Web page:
After a 34 hour trip from Chicago to Dubai to Kotoka International Airport, I landed safely in Accra last Thursday. Accra is an assault on the senses. Unmarked streets reach across the city, filled with traffic, pedestrians, vendors. Sewer drains line the streets, emitting unpleasant odors and revealing discarded bags and waste. Spicy, savoury, fried scents waft from food stalls. Trotro mates (people selling mini bus tickets) yell destinations, children call out obroni (white person), vendors hawk food and goods, people converse and laugh. When there is electricity, stereos and radios blast popular songs and religious programs.

Although Accra seems chaotic at first, after a while I can discern an organization or routine to daily life: the changing food fare, the ebb and flow of traffic, the popular landmarks that people use to orient themselves in the city, the church services at night.  Even then, it is difficult to understand life in Accra as a traveller passing by.

Here is a map of Accra:

map of accra

The blue circle highlights darkuman, the neighborhood where I am staying. Although the map features clearly defined streets and roadways, in reality, very few streets are marked, and even fewer people know them by name. Instead, people refer to Trotro stations, bus stops, buildings and markets.

Here is a view from the hostel:


Despite how lost I sometimes feel, the people in Accra are incredibly friendly and helpful. I cannot count the number of times people have walked me to my destination, have spent time patiently explaining the Trotro route or have helped translate conversations.

Tomorrow I leave for Techiman in the Brong-Ahafo region, a 6-8 hour bus ride from Accra. There, my project will truly begin. Feel free to look at my disorganized and unlabeled photo stream on Flickr:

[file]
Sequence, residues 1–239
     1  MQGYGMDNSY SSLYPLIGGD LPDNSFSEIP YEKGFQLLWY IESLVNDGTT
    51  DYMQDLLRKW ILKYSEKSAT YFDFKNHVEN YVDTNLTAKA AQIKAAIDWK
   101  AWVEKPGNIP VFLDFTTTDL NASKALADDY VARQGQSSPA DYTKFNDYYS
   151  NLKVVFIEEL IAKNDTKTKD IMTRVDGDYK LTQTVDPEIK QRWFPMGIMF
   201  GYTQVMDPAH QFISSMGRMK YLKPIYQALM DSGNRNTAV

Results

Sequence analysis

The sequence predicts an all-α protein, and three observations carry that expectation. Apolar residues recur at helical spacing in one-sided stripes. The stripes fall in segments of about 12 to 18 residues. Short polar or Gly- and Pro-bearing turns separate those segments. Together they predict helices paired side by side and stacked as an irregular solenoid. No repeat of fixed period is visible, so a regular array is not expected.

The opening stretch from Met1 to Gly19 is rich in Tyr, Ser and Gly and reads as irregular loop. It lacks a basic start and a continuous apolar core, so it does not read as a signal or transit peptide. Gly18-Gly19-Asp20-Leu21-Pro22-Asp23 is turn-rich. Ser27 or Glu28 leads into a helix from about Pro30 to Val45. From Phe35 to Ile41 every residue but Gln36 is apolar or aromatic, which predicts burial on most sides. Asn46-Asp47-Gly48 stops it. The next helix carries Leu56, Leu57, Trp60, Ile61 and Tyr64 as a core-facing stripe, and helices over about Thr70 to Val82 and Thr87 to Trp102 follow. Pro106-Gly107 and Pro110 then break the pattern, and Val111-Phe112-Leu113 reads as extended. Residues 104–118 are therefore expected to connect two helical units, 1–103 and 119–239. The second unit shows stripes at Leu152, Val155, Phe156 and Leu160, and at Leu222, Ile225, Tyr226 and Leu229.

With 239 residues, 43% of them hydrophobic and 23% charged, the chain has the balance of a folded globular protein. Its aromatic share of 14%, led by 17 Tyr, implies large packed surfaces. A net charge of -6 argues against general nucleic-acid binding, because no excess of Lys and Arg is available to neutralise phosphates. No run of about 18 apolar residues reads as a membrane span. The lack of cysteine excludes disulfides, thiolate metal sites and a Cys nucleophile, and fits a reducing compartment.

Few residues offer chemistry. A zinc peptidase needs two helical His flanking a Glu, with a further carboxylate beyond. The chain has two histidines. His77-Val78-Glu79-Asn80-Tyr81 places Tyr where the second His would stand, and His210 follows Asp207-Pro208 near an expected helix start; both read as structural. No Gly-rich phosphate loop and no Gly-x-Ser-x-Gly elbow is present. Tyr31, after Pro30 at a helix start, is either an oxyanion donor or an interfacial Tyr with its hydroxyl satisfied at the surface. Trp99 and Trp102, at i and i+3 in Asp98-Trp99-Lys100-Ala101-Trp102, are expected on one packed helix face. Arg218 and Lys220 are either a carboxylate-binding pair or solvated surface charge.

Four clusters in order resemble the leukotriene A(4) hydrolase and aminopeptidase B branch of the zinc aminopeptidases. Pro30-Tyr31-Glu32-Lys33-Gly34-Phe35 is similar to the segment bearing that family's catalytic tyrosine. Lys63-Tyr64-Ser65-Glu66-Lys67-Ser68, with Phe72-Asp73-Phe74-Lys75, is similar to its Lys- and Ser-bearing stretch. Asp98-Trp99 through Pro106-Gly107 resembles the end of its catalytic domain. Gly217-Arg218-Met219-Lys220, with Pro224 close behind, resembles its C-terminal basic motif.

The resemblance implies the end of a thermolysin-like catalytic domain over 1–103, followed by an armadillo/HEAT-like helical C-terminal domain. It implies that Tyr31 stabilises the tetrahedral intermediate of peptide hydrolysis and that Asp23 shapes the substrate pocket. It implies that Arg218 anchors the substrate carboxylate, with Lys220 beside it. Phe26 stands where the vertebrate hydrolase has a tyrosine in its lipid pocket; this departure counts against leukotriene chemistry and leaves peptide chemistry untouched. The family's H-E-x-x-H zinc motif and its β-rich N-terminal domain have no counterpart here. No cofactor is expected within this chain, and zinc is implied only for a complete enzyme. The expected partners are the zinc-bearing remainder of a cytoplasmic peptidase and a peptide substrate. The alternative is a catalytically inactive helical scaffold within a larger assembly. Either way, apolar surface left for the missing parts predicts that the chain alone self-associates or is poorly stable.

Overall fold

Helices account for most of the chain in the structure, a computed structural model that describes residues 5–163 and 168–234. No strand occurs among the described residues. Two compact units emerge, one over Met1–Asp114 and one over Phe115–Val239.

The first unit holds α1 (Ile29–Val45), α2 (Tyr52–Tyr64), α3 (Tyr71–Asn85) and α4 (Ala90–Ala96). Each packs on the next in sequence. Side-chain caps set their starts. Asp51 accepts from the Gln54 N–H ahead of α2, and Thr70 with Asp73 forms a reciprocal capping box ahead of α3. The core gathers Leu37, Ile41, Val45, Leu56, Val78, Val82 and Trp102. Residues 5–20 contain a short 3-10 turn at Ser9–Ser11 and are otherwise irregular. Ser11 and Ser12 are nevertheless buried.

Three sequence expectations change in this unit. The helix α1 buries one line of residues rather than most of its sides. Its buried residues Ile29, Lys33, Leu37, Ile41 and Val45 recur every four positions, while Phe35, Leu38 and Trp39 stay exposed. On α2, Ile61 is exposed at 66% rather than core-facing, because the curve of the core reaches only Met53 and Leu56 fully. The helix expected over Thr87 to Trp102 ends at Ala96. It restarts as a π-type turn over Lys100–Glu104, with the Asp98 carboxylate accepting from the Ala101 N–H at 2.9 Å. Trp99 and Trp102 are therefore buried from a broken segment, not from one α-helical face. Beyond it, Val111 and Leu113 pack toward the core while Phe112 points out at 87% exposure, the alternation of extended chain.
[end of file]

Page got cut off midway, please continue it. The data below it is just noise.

Losing Sight

Several weeks ago, my 92 year old Papouli (Greek for grandfather) woke up, reached for his glasses and panicked. Even with the help of his trifocal lenses, he could not make out the objects in his bedroom. Cloudy crosshatches distorted his vision. He could not see.  His mind raced as he considered what this blindness meant: no sight, no driving, no independence. While coming to terms with his new condition, a glare from the carpet caught Papouli’s eye. He felt around on the ground and found a lens from his trifocal glasses. The distorted vision and dizziness were not a permanent condition, but the result of a missing lens.

Papouli laughs as he shares the story with me. In several days, I will depart for Ghana, and I have come to him with a list of infinite concerns and worst case scenarios. Although Papouli is fond of funny stories, he recounts this fleeting panic to remind me that I need to relax. Swept away in the minute details of my trip, I have lost sight of the bigger picture. The Walker Odyssey Fellowship has provided me with a singular opportunity to design and carry out an independent study project. I have been dreaming about this since my freshmen year of college, and I am incredibly grateful to all who have made this dream a reality.